Oct. 12, 2006 — St. Thomas resident Edita Carty knows firsthand why residents should observe White Cane Day on Sunday: Blind almost since birth, she's navigated St. Thomas' uneven sidewalks and dealt with vehicles blocking the sidewalks for most of her life.
"And some people would stand right there to see if I ran into them," she said.
Carty, 46, said that it didn't bother her when children did it because they were curious, but the adults were another matter.
The purpose of White Cane Day, observed across the nation and in the territory, is to highlight the rights and concerns of people who are blind or vision impaired.
"The whole mission is to create awareness," Center for Independent Living Director Felecia Brownlow said.
After graduating from Robert Morris University in Pittsburgh with a degree in business administration, Carty worked as a legislative researcher for the late Sen. Michael Paiewonsky. In that job, she helped get White Cane legislation through the Senate and passed into law.
The Tortola native then worked as a vocational rehabilitation counselor.
In 1989 Carty married a sighted man and later stayed home to raise their two children. She now works with her husband, Dale Carty, in his insurance business.
She said her husband drives her where she needs to go so she doesn't have to deal with the sidewalk issues.
"But I'm very concerned about other people still fighting," she said, adding that she plans to participate in Sunday's event.
In observance of the event, the Center for Independent Living on St. Thomas and St. Croix will hold White Cane Education Days, which will include awareness walks, demonstrations and speakers.
On St. Thomas, the education event begins at 10 a.m. Monday. Brownlow said the walk stretches from the center's office on 7th Street in Estate Thomas to the Post Office and on toward Roy L. Schneider Hospital. She said the walk will cross the intersection at the Lockhart Shopping Center.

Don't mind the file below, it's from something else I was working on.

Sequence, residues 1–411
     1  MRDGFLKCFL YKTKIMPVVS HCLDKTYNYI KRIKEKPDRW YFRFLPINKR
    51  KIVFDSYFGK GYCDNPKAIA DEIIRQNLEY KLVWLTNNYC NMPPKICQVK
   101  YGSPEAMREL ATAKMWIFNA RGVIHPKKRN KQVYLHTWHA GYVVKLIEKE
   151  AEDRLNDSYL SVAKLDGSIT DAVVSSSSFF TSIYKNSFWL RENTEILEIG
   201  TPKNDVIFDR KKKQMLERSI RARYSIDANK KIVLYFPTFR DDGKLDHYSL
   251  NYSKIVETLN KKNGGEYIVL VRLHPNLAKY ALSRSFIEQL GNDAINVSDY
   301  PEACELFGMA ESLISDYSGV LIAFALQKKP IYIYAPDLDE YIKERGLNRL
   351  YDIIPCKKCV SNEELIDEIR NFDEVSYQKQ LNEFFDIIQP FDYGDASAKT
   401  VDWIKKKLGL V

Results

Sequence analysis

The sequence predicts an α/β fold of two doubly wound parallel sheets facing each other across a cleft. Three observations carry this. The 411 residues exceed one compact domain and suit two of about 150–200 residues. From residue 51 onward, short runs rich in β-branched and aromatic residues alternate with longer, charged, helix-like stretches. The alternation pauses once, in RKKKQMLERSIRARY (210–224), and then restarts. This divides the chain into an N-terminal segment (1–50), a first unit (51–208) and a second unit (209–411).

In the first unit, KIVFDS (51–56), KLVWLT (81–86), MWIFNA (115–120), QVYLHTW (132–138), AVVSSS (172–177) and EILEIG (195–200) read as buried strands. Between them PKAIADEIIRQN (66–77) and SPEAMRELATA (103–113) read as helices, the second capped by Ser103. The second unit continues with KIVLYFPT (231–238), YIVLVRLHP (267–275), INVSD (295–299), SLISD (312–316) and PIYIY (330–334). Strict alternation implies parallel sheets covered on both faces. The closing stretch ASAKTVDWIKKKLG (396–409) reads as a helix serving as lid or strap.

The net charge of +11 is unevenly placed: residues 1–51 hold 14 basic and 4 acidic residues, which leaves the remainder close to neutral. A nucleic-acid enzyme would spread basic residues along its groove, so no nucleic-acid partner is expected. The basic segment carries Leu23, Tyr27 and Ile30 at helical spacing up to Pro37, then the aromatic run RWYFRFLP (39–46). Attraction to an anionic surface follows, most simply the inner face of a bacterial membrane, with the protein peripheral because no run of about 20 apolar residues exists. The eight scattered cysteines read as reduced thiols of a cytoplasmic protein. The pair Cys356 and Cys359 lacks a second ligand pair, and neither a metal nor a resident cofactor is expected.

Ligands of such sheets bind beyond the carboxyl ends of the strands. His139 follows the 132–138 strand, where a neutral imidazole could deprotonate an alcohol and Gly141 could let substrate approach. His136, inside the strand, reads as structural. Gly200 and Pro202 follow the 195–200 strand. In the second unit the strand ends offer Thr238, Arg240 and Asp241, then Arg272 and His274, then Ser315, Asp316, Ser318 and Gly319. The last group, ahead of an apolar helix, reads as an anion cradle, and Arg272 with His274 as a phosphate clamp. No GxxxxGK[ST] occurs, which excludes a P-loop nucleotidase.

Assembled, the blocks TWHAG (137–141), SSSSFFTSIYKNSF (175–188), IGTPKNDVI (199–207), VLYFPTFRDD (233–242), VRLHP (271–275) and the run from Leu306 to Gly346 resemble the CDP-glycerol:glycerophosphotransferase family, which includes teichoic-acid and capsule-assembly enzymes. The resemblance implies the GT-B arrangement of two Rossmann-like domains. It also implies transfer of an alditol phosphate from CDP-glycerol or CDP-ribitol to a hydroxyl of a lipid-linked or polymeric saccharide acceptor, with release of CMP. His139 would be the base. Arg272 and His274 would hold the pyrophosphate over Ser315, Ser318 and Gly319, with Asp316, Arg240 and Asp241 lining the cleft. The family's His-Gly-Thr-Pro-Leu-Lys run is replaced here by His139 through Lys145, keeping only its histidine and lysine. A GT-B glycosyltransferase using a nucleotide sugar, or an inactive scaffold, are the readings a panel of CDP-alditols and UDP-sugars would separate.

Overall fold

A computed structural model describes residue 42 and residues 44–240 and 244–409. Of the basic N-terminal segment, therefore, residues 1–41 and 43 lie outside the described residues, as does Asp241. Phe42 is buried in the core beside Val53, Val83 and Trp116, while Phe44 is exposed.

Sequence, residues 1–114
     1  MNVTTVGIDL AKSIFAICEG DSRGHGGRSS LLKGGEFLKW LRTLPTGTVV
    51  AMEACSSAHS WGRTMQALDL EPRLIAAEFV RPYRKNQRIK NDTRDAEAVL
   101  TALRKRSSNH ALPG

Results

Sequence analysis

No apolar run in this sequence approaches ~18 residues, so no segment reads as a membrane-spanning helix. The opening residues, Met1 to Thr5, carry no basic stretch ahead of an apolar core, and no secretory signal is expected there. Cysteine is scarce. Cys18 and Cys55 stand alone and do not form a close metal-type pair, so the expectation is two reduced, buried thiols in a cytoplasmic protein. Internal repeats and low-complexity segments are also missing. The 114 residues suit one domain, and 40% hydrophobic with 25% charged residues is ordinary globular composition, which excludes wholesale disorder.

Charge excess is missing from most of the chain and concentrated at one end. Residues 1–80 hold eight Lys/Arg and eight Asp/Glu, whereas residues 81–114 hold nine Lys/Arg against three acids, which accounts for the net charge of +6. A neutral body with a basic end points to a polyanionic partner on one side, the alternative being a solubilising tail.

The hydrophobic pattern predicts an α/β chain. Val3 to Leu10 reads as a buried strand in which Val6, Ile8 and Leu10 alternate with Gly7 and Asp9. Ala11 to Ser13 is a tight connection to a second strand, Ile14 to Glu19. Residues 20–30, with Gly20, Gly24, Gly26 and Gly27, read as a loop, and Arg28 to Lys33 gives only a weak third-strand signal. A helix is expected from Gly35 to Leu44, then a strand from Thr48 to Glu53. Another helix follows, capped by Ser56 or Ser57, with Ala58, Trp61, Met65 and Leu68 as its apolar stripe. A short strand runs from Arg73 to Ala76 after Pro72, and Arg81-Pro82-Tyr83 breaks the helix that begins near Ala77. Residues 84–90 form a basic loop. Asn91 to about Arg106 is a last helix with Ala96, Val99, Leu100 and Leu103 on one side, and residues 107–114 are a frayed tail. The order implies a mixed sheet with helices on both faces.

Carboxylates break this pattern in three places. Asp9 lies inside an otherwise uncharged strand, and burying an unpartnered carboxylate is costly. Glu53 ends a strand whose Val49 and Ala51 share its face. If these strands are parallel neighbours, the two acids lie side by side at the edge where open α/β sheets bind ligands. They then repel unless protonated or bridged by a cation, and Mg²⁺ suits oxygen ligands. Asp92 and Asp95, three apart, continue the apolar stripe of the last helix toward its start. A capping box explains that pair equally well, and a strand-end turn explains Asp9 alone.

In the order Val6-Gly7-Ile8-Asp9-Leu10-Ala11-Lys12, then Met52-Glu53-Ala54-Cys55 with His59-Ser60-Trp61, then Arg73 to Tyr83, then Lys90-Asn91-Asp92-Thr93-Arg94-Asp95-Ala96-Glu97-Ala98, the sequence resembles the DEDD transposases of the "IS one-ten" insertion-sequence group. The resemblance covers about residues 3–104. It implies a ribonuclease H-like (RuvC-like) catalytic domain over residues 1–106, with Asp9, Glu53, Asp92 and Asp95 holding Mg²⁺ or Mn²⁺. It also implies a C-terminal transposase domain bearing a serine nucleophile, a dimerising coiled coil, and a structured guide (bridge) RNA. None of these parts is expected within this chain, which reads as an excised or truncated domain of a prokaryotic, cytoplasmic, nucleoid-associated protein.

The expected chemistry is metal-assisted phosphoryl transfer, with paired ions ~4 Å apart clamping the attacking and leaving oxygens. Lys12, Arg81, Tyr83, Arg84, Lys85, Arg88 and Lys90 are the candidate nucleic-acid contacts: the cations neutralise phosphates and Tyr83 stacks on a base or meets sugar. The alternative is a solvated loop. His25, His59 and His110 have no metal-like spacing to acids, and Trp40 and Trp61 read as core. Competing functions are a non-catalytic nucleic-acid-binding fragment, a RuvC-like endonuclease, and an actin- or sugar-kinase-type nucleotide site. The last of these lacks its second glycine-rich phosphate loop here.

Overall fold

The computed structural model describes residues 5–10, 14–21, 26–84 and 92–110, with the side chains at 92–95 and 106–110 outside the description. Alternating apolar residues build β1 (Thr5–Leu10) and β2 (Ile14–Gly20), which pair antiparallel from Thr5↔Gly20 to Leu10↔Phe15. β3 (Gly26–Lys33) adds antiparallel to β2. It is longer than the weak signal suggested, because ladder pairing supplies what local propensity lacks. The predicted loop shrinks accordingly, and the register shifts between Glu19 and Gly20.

"That should be an adventure," she said, speaking about the heavy traffic in the area.
The St. Croix education event begins at 10 a.m. Friday at Flamboyant Gardens. Brownlow said Thursday that the location was picked because it has problems that include access ramps that go off into the bush and rugged paths.
"There are several things that can be corrected and highlighted," she said.
The walk goes to the nearest bus stop and back to the Barren Spot shopping center.
She said she hopes that public officials will notice the difficulties faced by blind and vision-impaired residents, so they can fix the problems.
"We have officials who just ignore these things," she said.
She said that blind and vision-impaired people face many obstacles in the territory, including drivers that fail to stop at crosswalks or stop right in the crosswalk; broken or uneven sidewalks; and plants and bushes that intrude on sidewalks.
When cane users are forced to walk in the street because of these sidewalk issues, they encounter potholes, poorly covered drains, unfinished road repair and impatient motorists.
Brownlow said the number of people with diabetes-related blindness and low vision is growing across the territory, thereby increasing the need for awareness on the part of government officials and residents.
"We're encountering a lot of apathy," she said.
Brownlow said that when the Americans with Disabilities Act passed 16 years ago, the law was expected to improve access for people with disabilities. She said that has not happened.
"The plight of those persons will be demonstrated as they walk in the neighborhood in an effort to signal the need for the removal of barriers that limit their independence and impede their success," Brownlow said.
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